WHOLE FOODS MARKET GROUP, INC. et al. v. SHEPARD.
On January 30, 2010, a truck driven by Whole Foods Market Group, Inc. employee Kevin Hulsey struck a car driven by Richard Shepard as Hulsey was attempting to change lanes on Interstate 75. Shepard brought a personal injury action against Whole Foods and Hulsey alleging that Hulsey was negligent per se for violating the provision of the Uniform Rules of the Road requiring that a “vehicle shall be driven as nearly as practicable entirely within a single lane and shall not be moved from such lane until the driver has first ascertained that such movement can be made with safety.” OCGA § 40–6–48(1). The trial court granted Shepard's motion for partial summary judgment on issues of negligence, proximate cause, and liability, and Whole Foods and Hulsey appeal. They argue that the trial court misapplied the rule in Prophecy Corp. v. Charles Rossignol, Inc., 256 Ga. 27, 343 S.E.2d 680 (1986), to disregard some of Hulsey's sworn testimony, and that genuine issues of material fact preclude summary judgment. We find no error in the trial court's application of the Prophecy rule and we find that, disregarding the conflicting portions of Hulsey's testimony, the evidence authorized the trial court's grant of summary judgment to Shepard. Accordingly, we affirm.
“On appeal from the grant of summary judgment this [c]ourt conducts a de novo review of the evidence to determine whether there is a genuine issue of material facts and whether the undisputed facts, viewed in the light most favorable to the nonmoving party, warrant judgment as a matter of law.” Dogan v. Buff, 329 Ga.App. 499, 765 S.E.2d 674 (2014) (citation omitted).
So viewed, the evidence showed that both Hulsey and Shepard were traveling south on the interstate when the front right wheel of Hulsey's truck struck the rear left wheel of Shepard's car, causing the car to spin out of control and collide twice more with the truck. Neither driver saw the other before the collision occurred. Shepard testified that immediately before the collision he was driving completely within his lane of travel with no intention of changing lanes. Hulsey testified that he had just begun to change lanes when he felt the impact of the collision, and that before changing lanes he had checked his mirrors and seen no vehicles.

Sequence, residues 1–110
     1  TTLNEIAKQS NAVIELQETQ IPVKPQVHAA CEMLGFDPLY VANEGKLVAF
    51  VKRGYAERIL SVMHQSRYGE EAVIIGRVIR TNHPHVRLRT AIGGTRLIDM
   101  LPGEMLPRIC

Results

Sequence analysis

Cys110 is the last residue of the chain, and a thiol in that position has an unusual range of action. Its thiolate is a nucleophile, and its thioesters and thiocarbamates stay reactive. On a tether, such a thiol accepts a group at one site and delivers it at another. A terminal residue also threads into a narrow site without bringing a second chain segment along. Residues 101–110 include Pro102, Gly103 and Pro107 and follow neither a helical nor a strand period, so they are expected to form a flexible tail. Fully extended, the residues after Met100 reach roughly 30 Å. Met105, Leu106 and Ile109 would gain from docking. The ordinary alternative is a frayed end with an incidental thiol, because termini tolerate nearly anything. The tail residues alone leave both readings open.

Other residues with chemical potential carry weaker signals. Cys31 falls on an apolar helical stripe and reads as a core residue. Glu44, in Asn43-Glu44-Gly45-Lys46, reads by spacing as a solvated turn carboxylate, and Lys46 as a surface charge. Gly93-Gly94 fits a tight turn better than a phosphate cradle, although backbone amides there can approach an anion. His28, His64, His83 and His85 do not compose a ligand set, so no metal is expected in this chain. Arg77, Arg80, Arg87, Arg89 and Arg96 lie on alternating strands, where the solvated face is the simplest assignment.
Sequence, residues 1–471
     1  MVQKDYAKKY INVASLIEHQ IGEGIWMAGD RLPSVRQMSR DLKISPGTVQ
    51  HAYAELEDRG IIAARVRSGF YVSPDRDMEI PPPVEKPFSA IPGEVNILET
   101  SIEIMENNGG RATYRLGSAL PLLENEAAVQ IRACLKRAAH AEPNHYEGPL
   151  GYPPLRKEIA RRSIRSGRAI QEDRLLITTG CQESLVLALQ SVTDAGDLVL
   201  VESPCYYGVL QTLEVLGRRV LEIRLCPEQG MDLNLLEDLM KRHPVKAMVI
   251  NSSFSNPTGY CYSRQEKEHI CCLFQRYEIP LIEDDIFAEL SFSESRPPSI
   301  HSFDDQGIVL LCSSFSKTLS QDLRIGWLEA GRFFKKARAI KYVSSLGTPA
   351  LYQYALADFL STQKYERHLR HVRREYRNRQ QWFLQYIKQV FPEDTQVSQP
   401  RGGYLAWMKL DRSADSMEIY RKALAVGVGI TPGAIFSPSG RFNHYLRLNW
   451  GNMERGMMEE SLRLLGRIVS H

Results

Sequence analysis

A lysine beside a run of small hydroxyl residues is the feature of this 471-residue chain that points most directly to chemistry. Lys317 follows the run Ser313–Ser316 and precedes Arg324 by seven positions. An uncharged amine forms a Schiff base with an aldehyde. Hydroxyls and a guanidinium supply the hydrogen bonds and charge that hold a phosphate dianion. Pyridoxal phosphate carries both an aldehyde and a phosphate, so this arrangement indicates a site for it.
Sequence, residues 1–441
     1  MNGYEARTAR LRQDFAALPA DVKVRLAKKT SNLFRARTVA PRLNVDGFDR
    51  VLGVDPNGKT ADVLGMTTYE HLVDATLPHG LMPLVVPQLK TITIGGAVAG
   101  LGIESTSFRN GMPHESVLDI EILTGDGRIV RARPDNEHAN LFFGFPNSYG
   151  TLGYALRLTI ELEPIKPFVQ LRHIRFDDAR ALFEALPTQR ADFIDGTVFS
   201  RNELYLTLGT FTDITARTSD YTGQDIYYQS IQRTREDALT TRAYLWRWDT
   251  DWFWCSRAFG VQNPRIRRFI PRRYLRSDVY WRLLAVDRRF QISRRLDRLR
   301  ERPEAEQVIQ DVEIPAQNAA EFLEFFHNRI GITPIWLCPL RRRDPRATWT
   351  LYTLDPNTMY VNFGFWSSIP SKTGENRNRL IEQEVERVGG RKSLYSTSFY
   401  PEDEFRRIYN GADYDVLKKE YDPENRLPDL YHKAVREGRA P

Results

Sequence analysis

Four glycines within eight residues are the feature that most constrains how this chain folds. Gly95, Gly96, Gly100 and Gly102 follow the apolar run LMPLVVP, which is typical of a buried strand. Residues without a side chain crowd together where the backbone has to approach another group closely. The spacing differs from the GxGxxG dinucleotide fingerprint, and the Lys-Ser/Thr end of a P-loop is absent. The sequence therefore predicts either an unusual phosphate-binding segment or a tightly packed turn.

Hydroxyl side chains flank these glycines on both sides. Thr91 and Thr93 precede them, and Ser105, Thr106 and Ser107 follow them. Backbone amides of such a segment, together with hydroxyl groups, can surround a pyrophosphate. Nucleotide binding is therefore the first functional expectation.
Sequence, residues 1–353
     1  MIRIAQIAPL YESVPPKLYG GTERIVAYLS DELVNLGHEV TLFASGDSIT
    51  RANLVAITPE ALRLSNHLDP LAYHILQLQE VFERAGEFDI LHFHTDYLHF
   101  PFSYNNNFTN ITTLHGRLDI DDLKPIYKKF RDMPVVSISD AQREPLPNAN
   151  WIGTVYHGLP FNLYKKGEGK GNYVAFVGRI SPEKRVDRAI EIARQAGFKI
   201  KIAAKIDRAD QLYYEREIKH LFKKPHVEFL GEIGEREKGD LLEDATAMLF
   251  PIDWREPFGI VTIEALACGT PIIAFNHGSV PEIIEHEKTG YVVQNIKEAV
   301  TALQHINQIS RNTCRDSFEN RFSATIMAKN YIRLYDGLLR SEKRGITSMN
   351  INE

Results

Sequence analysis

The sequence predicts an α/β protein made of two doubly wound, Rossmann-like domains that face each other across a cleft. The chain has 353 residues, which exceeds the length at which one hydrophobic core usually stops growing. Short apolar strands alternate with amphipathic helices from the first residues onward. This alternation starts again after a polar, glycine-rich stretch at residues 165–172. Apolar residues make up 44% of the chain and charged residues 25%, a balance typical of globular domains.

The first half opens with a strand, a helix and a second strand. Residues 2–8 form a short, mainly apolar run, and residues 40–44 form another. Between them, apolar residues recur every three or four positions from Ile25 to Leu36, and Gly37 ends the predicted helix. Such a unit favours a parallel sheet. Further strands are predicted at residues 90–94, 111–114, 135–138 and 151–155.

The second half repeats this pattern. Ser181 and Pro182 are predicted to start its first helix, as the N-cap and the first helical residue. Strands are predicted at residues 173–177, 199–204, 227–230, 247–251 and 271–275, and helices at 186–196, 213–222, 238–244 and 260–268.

2. Application of Prophecy Rule.
In an affidavit filed in opposition to summary judgment, Hulsey testified that, although he was beginning to change lanes, he had not yet moved out of his own lane of travel at the time of the collision. Shepard argued to the trial court that she should disregard this testimony under the Prophecy rule, see Prophecy Corp. v. Charles Rossignol, Inc., supra, 256 Ga. 27, 343 S.E.2d 680, because it contradicted Hulsey's earlier deposition testimony. Although the trial court did not expressly address this issue in her summary judgment order, her ruling in Shepard's favor implies that she disregarded the allegedly contradictory testimony. Whole Foods and Hulsey argue that this was error because the testimony did not conflict. We disagree.
Under the Prophecy rule,
when a party has given contradictory testimony, and when that party relies exclusively on that testimony in opposition to summary judgment, a court must construe the contradictory testimony against him. In such a case, the court must disregard the favorable portions of the contradictory testimony and then decide whether the remaining evidence is sufficient to get by summary judgment. For purposes of the Prophecy rule, testimony is contradictory if one part of the testimony asserts or expresses the opposite of another part of the testimony.